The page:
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The sea of materialism is at flood tide and all the nations of the world are immersed in it. – Abdu’l-Baha, Divine Philosophy, p. 138.

At the bottom of our planet, down there where the penguins live in Antarctica, the ice is melting. Fast.

In Greenland, at the top of the planet, it’s melting even faster.

If Antarctica’s ice melts, along with Greenland’s, it will flood the world, submerging most of humanity’s great coastal cities under the waves.

Why? Well, the ice is mighty deep in Antarctica—more than a mile deep in most places. About seventy percent—yes, that’s right, seven-zero percent, 70%–of the world’s fresh water is locked up in Antarctica’s frozen mass of ice.

Here’s how it all works: the Earth has two “ice sheets”—huge continental-sized glaciers that cover entire landmasses. The world’s smaller ice sheet covers most of Greenland (1.7 million square kilometers, or 660,000 square miles). The biggest planetary ice sheet covers Antarctica (14 million square kilometers, or 5.4 million square miles—about the size of the United States and Mexico, combined). Together, they hold the vast majority—more than 95%–of the world’s fresh water, frozen in that deep blue ice.

If it all melts—Antarctica and Greenland both—sea levels will rise 216 feet, or almost 70 meters.


That would create a true global catastrophe. It would displace much of the world’s population, since about half of all humans now live within 37 miles (60 kilometers) of the sea. All low-lying, ocean-adjacent areas of the world would be inundated. Three-quarters of the world’s major cities sit on the coastlines of an ocean; so goodbye New York, Sydney, Los Angeles, Hong Kong, Shanghai, London, Kolkata, Bangkok, Tokyo, Miami, etc., etc. Want to see what a post-ice sheet world would look like? National Geographic has an interactive map.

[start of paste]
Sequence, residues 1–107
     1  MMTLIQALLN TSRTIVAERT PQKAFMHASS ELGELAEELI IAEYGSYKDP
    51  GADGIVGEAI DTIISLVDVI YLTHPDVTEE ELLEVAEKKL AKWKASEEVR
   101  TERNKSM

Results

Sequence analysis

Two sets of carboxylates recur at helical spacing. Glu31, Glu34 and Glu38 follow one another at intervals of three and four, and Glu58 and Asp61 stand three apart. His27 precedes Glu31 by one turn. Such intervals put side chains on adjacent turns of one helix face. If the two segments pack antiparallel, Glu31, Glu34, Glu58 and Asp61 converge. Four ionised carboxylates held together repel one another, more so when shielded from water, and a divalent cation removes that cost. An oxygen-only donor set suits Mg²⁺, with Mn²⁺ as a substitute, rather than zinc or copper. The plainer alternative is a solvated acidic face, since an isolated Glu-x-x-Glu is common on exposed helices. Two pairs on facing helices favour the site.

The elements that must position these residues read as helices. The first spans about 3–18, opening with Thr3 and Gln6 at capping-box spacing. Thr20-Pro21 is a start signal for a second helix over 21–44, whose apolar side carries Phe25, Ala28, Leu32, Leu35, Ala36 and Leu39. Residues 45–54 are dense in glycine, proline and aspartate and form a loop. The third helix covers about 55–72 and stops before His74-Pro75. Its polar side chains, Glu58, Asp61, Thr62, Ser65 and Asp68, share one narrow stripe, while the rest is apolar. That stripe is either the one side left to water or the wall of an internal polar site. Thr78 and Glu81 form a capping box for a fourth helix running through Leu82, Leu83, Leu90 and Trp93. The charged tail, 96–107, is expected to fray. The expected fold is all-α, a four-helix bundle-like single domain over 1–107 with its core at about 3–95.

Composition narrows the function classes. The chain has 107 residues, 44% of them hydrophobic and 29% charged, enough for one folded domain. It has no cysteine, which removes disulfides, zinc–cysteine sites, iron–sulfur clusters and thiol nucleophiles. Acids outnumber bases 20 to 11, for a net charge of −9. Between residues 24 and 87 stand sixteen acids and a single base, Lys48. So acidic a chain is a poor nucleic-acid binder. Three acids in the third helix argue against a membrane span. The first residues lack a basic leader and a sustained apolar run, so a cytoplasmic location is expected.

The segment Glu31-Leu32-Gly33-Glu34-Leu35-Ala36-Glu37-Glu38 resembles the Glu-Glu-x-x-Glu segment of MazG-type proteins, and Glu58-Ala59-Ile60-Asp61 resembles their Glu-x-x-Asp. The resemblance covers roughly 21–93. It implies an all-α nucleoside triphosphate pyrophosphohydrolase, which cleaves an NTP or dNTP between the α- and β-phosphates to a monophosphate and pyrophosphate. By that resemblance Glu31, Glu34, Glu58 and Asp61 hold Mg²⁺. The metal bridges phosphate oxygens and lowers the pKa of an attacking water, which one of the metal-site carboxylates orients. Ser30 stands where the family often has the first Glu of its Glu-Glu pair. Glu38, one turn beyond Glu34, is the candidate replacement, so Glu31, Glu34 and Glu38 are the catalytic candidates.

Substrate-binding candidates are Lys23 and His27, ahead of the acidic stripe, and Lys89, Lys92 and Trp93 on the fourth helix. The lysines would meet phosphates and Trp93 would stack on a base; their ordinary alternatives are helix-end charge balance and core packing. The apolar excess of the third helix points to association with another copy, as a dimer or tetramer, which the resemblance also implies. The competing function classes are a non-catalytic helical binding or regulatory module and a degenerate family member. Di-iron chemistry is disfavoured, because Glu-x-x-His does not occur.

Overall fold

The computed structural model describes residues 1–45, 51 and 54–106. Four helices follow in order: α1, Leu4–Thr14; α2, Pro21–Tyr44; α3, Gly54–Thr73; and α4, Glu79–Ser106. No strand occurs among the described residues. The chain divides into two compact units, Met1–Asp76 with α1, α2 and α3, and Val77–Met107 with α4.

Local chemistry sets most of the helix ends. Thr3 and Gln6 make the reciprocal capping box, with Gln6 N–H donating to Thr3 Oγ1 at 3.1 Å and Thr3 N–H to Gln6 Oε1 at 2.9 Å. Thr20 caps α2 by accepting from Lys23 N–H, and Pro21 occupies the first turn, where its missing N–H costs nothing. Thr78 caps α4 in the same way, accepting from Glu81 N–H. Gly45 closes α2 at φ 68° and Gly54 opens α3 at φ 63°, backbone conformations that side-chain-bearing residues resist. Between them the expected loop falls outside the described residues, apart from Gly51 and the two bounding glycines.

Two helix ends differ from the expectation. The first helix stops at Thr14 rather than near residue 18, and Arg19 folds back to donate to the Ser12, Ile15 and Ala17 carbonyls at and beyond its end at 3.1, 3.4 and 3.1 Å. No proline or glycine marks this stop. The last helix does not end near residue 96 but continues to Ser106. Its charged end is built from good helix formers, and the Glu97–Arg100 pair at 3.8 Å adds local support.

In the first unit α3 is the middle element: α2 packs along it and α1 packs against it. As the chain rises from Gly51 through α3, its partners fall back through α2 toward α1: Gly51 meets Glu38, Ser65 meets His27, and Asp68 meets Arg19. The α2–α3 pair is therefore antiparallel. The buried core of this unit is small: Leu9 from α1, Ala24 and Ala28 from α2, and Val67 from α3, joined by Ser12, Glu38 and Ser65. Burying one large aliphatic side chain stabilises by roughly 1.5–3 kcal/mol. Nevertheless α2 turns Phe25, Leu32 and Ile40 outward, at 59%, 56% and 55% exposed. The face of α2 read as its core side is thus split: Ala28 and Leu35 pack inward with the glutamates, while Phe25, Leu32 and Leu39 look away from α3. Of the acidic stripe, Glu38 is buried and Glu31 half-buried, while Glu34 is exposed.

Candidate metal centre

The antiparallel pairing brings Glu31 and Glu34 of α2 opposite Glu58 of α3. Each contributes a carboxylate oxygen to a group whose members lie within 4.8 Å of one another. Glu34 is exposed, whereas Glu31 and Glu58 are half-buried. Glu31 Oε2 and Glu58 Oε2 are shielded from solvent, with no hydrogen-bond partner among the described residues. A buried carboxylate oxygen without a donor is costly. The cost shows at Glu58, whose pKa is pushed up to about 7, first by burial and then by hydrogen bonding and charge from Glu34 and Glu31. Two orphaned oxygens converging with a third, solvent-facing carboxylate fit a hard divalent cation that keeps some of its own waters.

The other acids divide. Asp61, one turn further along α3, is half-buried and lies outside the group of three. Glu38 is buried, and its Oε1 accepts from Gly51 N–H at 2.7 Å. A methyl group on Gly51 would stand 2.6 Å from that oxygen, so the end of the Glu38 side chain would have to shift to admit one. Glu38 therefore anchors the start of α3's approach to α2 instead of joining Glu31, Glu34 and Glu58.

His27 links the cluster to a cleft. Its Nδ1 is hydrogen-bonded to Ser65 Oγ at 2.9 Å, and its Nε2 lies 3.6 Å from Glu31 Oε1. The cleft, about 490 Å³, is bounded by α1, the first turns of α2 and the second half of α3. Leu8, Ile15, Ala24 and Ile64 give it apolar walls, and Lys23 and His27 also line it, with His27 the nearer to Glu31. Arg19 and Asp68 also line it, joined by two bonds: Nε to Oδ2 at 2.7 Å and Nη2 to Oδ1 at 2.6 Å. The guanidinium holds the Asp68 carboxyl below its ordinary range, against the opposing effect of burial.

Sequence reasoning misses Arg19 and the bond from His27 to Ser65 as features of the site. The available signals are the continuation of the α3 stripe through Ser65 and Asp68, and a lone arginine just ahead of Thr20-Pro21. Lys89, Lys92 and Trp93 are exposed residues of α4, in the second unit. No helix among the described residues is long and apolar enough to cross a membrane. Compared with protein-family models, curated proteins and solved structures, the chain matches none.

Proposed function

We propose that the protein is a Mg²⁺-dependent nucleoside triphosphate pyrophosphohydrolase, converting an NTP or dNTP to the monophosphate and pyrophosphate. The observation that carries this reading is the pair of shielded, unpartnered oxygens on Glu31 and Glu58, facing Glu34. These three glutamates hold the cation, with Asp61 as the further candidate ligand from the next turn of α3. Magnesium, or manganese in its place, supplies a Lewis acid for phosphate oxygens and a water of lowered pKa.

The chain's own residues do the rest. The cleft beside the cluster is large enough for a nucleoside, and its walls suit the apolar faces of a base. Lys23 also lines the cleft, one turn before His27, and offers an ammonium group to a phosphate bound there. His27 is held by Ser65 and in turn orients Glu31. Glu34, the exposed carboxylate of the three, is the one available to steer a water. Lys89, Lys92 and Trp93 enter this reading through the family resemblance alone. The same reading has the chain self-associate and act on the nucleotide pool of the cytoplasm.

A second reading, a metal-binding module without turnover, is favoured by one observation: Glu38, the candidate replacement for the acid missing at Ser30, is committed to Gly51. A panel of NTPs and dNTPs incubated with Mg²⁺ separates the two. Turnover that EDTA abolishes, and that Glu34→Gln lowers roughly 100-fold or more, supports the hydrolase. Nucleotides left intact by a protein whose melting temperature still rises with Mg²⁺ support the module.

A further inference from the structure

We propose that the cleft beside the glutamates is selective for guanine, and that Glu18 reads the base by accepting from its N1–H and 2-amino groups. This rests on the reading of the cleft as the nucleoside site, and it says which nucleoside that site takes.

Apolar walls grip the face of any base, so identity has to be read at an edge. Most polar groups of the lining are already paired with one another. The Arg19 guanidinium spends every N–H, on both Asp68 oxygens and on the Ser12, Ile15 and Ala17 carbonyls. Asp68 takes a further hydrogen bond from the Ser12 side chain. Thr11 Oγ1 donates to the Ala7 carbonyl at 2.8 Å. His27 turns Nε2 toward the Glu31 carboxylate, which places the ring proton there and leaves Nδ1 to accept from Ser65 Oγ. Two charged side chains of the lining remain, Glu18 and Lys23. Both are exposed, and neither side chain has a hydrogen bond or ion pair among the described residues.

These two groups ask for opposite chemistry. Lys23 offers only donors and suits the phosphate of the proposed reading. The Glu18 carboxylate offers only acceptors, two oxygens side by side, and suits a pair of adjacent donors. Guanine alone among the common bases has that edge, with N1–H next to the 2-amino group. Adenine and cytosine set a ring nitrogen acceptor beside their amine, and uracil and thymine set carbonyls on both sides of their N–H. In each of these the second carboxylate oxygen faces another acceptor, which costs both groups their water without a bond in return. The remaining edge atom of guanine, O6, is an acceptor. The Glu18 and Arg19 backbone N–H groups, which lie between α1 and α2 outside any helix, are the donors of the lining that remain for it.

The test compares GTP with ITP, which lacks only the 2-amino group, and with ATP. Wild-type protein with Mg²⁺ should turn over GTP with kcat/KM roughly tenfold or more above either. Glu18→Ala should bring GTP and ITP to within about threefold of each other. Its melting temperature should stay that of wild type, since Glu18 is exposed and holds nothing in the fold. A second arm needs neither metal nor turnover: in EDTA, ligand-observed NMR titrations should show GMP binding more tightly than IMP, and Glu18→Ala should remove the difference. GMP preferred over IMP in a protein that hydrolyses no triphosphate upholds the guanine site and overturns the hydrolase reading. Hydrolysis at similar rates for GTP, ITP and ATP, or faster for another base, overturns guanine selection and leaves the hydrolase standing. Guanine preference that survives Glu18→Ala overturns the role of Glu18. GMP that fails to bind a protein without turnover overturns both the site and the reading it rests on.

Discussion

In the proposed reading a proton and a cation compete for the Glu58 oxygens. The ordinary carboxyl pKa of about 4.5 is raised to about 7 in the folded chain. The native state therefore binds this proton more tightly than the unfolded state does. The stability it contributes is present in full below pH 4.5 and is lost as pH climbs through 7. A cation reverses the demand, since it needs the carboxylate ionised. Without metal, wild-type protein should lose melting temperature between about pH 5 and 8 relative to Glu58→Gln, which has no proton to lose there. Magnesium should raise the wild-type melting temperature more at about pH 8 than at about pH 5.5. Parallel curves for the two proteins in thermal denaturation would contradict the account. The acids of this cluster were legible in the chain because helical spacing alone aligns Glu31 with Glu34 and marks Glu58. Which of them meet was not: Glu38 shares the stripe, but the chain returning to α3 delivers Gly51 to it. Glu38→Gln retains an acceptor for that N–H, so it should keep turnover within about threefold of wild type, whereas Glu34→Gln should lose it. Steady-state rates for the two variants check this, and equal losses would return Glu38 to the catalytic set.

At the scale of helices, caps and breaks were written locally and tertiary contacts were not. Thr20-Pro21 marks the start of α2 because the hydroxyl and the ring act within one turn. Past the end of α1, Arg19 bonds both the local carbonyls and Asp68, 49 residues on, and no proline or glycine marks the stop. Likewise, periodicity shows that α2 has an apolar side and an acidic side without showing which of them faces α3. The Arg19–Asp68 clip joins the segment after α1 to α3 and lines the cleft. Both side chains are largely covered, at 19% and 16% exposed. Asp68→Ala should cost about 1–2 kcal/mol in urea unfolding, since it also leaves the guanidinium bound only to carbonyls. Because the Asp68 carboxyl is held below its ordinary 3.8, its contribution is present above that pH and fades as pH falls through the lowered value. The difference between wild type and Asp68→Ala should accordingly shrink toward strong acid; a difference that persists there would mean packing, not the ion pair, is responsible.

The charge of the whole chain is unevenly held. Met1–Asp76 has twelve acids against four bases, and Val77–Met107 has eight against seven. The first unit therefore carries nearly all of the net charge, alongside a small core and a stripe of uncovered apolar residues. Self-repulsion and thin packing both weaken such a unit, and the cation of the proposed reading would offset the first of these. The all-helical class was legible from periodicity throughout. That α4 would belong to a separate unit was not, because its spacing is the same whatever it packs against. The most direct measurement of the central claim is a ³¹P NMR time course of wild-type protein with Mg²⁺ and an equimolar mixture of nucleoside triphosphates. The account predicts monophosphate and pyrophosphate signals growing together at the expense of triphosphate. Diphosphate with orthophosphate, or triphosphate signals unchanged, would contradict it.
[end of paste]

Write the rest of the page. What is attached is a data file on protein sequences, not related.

Why do I raise this frightening issue? Because a very important new study, just released in February of 2016 by the U.S. National Academy of Sciences, concluded that sea levels could rise by 4 to 6 feet during this century—wiping out coastal cities and driving millions of climate refugees inland.  

Basically, this new research study says that we have previously underestimated the speed, the effects and the impact of climate change-caused sea level increases. Rather than taking centuries to unfold, the collapse of the world’s ice sheets could happen in a matter of decades.

The scientists who conducted the study found that some serious sea level rise and flooding events will definitely occur, no matter what. Even if we dramatically slow the pollution of our atmosphere by burning fewer fossil fuels, the heat already trapped in our oceans and our air will cause sea levels to increase, and coastal flooding to become much more common. However, if the world’s nations can follow the international Paris Accords on climate, and keep our global temperature rise below 2 degrees Centigrade (3.8 degrees Fahrenheit), sea levels could still rise anywhere from a minimum of 9 inches to 2 feet by the year 2100. But if we fail to adhere to the Paris Accords, the study found, sea levels will rise by more than four feet, and up to as much as six feet. That will make many low-lying coastal cities uninhabitable. If you’ve been thinking about buying a beach house, don’t.

What will make the difference between a problematic but relatively livable sea level rise of 9 inches, and a much more catastrophic rise of 4-6 feet? In a word—consumption.